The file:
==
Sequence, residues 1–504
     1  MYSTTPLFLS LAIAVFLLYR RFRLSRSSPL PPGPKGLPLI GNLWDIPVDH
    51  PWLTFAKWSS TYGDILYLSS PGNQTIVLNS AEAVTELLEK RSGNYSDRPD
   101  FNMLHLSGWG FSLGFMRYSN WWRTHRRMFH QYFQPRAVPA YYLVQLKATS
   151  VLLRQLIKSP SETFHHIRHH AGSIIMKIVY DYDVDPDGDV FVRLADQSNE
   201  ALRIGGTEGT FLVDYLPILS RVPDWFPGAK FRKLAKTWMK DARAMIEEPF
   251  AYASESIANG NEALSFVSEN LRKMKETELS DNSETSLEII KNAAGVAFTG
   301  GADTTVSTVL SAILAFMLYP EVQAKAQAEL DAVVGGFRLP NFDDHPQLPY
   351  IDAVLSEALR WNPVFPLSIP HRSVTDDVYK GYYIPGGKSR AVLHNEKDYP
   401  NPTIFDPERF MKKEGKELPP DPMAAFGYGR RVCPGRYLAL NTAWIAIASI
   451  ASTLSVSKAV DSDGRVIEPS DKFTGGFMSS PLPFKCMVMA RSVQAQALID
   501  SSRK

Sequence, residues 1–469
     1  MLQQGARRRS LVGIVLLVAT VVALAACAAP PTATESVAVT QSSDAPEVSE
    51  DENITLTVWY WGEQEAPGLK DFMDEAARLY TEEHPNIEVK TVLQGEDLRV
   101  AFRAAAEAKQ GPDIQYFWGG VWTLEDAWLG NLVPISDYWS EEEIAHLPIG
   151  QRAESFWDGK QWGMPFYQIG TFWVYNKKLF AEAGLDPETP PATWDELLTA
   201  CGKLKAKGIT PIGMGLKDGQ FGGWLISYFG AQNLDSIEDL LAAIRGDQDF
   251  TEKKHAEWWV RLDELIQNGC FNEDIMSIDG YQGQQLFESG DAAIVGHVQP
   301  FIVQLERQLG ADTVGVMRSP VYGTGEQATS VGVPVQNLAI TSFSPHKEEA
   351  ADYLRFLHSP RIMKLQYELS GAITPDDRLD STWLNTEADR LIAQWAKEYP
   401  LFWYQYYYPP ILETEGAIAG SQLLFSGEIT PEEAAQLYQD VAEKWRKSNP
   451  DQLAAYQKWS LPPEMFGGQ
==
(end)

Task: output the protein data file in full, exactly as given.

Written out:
Sequence, residues 1–504
     1  MYSTTPLFLS LAIAVFLLYR RFRLSRSSPL PPGPKGLPLI GNLWDIPVDH
    51  PWLTFAKWSS TYGDILYLSS PGNQTIVLNS AEAVTELLEK RSGNYSDRPD
   101  FNMLHLSGWG FSLGFMRYSN WWRTHRRMFH QYFQPRAVPA YYLVQLKATS
   151  VLLRQLIKSP SETFHHIRHH AGSIIMKIVY DYDVDPDGDV FVRLADQSNE
   201  ALRIGGTEGT FLVDYLPILS RVPDWFPGAK FRKLAKTWMK DARAMIEEPF
   251  AYASESIANG NEALSFVSEN LRKMKETELS DNSETSLEII KNAAGVAFTG
   301  GADTTVSTVL SAILAFMLYP EVQAKAQAEL DAVVGGFRLP NFDDHPQLPY
   351  IDAVLSEALR WNPVFPLSIP HRSVTDDVYK GYYIPGGKSR AVLHNEKDYP
   401  NPTIFDPERF MKKEGKELPP DPMAAFGYGR RVCPGRYLAL NTAWIAIASI
   451  ASTLSVSKAV DSDGRVIEPS DKFTGGFMSS PLPFKCMVMA RSVQAQALID
   501  SSRK

Sequence, residues 1–469
     1  MLQQGARRRS LVGIVLLVAT VVALAACAAP PTATESVAVT QSSDAPEVSE
    51  DENITLTVWY WGEQEAPGLK DFMDEAARLY TEEHPNIEVK TVLQGEDLRV
   101  AFRAAAEAKQ GPDIQYFWGG VWTLEDAWLG NLVPISDYWS EEEIAHLPIG
   151  QRAESFWDGK QWGMPFYQIG TFWVYNKKLF AEAGLDPETP PATWDELLTA
   201  CGKLKAKGIT PIGMGLKDGQ FGGWLISYFG AQNLDSIEDL LAAIRGDQDF
   251  TEKKHAEWWV RLDELIQNGC FNEDIMSIDG YQGQQLFESG DAAIVGHVQP
   301  FIVQLERQLG ADTVGVMRSP VYGTGEQATS VGVPVQNLAI TSFSPHKEEA
   351  ADYLRFLHSP RIMKLQYELS GAITPDDRLD STWLNTEADR LIAQWAKEYP
   401  LFWYQYYYPP ILETEGAIAG SQLLFSGEIT PEEAAQLYQD VAEKWRKSNP
   451  DQLAAYQKWS LPPEMFGGQ